Is House Bill the First of a Thousand Paper cuts?

We have all had the experience of great expectations leading to great disappointment. This should have been the feeling as the House passed a bill Thursday. Many of the candidates for The House and Senate promised to do something about Obamacare. The idea seemed to be that there would be repeated attempts to repeal or defund the mammoth healthcare tax.

Thursday, the House passed a bill that will change the work week in Obamacare from 30 hours a week to 40 hours. This will exempt more people from Obamacare. Having the effect of more hours for millions of part-time workers. Good news for those workers who are working their way through school or who have had to take a second job to make ends meet.

Yet, is it good news for those who expected to see the congress work to repeal or defund the legislation? Well, yes and no. The issue for the Congress is that an outright attack on Obamacare would likely end in a veto. Besides the apparent futility of a full frontal assault on Obamacare, there is the benefit of testing the waters.

For Republicans to be successful in their attempts on Obamacare, they have to drum up a sizable Democrat vote. Anything they seek to do to Obamacare, will need a supermajority to get around the president and his veto pen. Currently, they only received 12 Democratic votes. That leads to the “no” portion of my answer. This helped them to a sizable majority but not a supermajority.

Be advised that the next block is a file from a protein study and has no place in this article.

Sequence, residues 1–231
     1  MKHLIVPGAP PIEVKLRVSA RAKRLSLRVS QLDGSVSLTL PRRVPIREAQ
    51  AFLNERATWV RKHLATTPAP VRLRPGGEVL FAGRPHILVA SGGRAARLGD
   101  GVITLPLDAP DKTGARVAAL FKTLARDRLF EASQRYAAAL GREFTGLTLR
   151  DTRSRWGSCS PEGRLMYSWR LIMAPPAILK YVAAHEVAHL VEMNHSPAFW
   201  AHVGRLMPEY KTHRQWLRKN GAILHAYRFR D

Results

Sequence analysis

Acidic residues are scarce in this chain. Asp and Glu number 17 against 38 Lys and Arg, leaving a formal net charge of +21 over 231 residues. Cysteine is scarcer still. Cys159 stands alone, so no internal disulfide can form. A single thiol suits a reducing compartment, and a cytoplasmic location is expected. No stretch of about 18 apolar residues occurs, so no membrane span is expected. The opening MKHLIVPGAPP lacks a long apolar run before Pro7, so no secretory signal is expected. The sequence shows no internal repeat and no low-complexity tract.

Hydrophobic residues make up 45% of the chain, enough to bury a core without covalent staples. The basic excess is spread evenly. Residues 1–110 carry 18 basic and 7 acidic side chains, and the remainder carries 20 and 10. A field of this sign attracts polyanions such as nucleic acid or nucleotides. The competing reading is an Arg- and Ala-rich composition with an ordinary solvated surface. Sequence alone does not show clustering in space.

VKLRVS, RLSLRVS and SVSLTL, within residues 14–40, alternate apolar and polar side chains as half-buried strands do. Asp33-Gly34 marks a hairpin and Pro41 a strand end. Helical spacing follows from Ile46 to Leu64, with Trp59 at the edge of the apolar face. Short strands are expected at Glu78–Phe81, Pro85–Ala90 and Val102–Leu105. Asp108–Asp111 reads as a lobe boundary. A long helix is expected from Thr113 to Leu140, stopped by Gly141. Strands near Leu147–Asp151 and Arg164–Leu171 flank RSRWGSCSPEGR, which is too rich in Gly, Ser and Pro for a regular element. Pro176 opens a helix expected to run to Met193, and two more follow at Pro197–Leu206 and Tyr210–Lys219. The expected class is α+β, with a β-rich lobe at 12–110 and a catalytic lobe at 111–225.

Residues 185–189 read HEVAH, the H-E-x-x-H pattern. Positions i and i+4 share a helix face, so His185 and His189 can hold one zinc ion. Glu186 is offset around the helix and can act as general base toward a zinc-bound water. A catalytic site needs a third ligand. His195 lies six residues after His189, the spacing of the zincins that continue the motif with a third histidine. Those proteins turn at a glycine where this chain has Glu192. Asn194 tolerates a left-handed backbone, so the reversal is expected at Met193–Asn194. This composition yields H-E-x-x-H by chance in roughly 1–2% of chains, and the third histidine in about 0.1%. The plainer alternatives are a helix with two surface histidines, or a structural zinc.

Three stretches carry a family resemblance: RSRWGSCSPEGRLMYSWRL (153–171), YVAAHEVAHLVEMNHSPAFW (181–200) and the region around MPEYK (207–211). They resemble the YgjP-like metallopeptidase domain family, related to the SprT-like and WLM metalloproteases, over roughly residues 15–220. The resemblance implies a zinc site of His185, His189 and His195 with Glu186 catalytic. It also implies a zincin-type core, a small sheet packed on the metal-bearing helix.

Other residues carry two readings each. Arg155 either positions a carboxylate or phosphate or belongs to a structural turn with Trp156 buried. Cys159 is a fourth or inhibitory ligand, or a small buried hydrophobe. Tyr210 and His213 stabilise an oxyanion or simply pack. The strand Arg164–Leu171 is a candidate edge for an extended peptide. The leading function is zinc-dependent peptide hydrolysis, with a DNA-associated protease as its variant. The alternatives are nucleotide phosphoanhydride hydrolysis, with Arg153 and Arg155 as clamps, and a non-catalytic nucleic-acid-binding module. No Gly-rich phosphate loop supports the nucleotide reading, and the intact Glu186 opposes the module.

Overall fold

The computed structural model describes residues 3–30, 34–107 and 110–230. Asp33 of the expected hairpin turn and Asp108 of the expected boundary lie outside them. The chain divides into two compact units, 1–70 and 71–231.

It also can be said that with small changes, the Obamacare can be made to be of no real effect.
There were, of course, detractors to the bill. They claim that it scraps the traditional work week. The bill, they claim, will take money out of the pockets of working families. The only result of this bill would be to cheat working families out of an hour each week. That’s what bothers them?

The argument points to the fact that Democrats are comfortable on both sides of the fence. It is funny that these people cannot see this logic with the 30-hour work week. Why does it not bother them that employers can hire more people and cut 11 hours a week per employee in order to avoid the capital destroying law, but they are up in arms over one hour.

It is simple. With the one-hour cut, employees will not lose their jobs. The employers of Americans with the 40-Hour work week can change little and side step the penalties and high insurance premiums that would have put them out of business. This exempts many that formally would have had to shuffle their employees and hired workers at part-time hours to get by the law.

Though this seems like a small deal, it is a good bill. It may not be the quick death of Obamacare we all hoped, but a death by a thousand paper cuts is better than nothing. Now if it can get past that promised pen of the President, America might have hope to survive.